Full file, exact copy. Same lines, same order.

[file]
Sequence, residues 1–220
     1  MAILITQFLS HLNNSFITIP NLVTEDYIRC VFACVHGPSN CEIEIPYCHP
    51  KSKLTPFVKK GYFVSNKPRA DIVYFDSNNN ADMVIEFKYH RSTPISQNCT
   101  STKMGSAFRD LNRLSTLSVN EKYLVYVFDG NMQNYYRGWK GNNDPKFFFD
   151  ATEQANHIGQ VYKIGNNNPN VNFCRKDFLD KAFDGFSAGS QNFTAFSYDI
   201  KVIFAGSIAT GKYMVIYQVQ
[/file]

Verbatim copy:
Sequence, residues 1–220
     1  MAILITQFLS HLNNSFITIP NLVTEDYIRC VFACVHGPSN CEIEIPYCHP
    51  KSKLTPFVKK GYFVSNKPRA DIVYFDSNNN ADMVIEFKYH RSTPISQNCT
   101  STKMGSAFRD LNRLSTLSVN EKYLVYVFDG NMQNYYRGWK GNNDPKFFFD
   151  ATEQANHIGQ VYKIGNNNPN VNFCRKDFLD KAFDGFSAGS QNFTAFSYDI
   201  KVIFAGSIAT GKYMVIYQVQ